As you're flying on separate tickets, if you inbound flight (Air Asia) is delayed such that you miss the onward flight (BA), you would be deemed a no show, your BA ticket would be liable to be canceled, and you'd have to buy a new ticket from BA at the walk up fare (which will make your eyes water).

So, you'd be advised to spend an extra night in Singapore. That's called contingency (if something goes badly wrong with my flight to KUL, how do I get there in time for my onward BA flight). IF there are earlier Air Asia flights that day you could consider booking one of those, but in that case for contingency I'd book two flights earlier than the one you're considering.

Also look at a good travel insurance policy that covers you for "missed onward travel". Though note that those pay out only if the inbound is delayed by at least three hours, and you've allowed enough time to transit. So even with that insurance I'd leave 6 hours between flights.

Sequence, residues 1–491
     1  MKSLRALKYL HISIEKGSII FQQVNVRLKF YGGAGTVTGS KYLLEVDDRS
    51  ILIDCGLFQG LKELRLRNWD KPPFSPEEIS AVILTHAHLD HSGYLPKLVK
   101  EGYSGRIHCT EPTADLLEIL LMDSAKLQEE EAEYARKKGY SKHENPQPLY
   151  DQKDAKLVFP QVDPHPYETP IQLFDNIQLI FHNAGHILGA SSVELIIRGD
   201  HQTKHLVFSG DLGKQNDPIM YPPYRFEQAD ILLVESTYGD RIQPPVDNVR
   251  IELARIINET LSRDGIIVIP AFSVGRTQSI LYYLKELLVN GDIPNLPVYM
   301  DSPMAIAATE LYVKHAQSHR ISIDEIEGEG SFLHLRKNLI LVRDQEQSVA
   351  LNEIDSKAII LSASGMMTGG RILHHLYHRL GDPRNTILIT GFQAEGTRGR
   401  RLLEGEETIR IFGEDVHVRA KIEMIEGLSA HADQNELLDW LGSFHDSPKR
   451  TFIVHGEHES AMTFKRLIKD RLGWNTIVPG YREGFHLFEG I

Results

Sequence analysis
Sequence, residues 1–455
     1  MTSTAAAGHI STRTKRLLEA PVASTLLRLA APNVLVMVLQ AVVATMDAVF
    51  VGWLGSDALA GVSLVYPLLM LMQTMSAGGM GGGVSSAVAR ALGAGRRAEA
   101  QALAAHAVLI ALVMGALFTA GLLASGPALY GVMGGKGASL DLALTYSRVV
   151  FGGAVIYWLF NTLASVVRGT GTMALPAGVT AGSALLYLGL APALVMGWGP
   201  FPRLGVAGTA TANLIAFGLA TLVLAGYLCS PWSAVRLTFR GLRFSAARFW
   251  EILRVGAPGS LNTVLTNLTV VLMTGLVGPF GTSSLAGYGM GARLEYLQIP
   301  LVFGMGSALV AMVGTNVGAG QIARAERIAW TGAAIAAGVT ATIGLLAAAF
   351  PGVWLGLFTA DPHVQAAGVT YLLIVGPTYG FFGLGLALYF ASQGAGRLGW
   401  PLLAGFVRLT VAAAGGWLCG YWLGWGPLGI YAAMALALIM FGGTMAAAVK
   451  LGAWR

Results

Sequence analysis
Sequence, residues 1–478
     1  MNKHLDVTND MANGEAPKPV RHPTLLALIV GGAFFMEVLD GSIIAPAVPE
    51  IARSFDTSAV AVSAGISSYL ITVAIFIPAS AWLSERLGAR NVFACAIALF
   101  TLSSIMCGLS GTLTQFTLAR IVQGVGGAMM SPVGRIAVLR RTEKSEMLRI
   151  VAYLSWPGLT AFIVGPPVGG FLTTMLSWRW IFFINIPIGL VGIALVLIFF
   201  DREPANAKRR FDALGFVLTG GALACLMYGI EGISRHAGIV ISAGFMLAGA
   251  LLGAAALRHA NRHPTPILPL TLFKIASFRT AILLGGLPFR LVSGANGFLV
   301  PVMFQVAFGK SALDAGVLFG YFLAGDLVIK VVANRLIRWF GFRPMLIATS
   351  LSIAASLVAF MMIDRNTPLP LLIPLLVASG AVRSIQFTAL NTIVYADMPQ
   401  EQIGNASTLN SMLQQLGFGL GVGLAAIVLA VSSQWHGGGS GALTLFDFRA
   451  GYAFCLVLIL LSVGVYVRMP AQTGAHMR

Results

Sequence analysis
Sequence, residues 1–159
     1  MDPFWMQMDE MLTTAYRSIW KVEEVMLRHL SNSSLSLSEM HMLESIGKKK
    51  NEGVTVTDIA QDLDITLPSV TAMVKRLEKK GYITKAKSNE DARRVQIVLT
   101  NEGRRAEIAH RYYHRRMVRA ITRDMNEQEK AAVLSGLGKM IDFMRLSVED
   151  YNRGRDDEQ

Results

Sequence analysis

Avoca, Australia
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4. Re: Risk when transferring flights? Advice sought

Four hours is too short. You need to have enough time to arrange a later flight if yours is cancelled.

Mount Dora, Florida
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for Istanbul
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5. Re: Risk when transferring flights? Advice sought